Conservatives, like Lee and The Week’s Ed Morrissey, argue that Congress shares a good deal of blame for the current national emergency situation because it has steadily ceded power to the executive branch for decades, and that is true. It would seem in the best interest of constitutionally conservative Republicans to take a stand here. But if they don’t, there is one final remedy: elections. And the next president, whether elected in 2020 or 2024, should destroy any wall Trump constructs in this manner — and announce the intention to do so publicly, so Trump will know what’s coming, and so will the courts and the soldiers or contractors who build it.
You could view this proposal as a call to waste even more taxpayer dollars to own Trump, to castrate his vanity project, leaving a pile of rubble to embarrass him and show him that, as is written in Ecclesiastes: “Vanity of vanities! All is vanity.” Or in the transition from the band Kansas: In the end, “all we are is dust in the wind.”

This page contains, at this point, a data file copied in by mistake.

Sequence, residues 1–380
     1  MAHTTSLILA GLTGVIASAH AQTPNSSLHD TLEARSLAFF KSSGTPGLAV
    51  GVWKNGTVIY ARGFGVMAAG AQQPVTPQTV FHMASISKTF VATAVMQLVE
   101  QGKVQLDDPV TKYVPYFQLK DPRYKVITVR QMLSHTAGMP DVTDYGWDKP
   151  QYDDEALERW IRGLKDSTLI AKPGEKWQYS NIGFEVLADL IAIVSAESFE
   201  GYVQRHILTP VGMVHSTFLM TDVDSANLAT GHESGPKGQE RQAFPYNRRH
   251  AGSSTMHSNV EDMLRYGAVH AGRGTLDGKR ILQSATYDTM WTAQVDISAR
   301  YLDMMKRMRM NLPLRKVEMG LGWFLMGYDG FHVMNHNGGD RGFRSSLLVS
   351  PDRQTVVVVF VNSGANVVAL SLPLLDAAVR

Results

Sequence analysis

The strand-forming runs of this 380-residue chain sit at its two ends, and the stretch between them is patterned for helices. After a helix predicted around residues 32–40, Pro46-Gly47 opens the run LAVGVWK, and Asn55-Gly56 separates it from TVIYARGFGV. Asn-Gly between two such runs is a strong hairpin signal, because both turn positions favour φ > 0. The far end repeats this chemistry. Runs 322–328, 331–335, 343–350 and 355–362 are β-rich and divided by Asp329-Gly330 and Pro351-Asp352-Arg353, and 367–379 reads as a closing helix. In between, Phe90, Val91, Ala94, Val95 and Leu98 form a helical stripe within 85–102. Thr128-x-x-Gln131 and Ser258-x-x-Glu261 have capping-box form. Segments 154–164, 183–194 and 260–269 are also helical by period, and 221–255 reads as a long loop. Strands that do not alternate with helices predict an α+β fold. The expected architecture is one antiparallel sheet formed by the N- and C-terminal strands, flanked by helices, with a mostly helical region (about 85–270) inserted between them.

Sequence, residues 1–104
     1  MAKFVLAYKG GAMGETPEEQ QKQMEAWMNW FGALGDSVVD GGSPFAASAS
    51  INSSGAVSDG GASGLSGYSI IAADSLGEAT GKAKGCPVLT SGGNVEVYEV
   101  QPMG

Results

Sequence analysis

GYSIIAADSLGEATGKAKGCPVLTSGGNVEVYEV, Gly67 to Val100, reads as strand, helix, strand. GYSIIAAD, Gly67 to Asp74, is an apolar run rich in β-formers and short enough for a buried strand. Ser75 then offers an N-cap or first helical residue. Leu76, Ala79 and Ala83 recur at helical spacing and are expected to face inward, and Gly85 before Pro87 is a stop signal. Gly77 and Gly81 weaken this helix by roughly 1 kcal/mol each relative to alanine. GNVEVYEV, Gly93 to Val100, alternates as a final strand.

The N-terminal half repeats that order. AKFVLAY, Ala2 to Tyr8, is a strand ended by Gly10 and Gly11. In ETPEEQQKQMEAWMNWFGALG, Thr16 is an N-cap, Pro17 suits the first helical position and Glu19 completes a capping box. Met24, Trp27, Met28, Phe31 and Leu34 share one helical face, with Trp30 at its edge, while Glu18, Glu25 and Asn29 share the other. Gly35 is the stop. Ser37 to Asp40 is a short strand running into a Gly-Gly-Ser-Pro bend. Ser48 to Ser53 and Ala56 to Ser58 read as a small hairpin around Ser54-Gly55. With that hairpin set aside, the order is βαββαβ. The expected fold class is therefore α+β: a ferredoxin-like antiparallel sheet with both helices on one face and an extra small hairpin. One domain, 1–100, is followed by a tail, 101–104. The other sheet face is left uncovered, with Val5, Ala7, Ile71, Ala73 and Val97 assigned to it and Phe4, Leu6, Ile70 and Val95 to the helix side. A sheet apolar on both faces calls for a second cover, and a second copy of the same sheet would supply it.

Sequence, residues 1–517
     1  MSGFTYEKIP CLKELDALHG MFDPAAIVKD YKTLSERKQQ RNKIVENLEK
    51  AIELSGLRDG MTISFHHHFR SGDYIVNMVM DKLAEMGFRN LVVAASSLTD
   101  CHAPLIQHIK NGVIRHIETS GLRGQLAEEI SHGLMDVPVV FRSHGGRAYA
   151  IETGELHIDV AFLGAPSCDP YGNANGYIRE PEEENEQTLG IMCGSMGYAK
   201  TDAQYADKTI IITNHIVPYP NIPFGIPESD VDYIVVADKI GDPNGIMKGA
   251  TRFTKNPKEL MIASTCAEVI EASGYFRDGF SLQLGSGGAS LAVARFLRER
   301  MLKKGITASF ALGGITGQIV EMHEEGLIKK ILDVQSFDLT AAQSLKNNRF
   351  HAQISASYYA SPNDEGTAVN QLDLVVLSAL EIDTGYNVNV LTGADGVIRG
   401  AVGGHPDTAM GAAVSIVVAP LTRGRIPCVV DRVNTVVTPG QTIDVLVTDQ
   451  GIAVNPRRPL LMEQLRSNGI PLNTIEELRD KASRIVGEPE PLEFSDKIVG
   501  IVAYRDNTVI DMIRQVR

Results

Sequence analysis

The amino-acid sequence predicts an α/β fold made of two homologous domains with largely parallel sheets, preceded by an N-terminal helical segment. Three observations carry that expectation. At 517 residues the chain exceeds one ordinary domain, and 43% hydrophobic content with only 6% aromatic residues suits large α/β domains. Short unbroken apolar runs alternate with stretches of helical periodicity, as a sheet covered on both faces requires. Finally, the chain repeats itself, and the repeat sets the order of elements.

But this is about more than that. Much more. It’s about protecting America’s grand experiment in government, which the founders placed upon three legs, expecting each one to jealously guard its given powers. And it’s also about raging against the dying light of Reagan’s shining city upon a hill.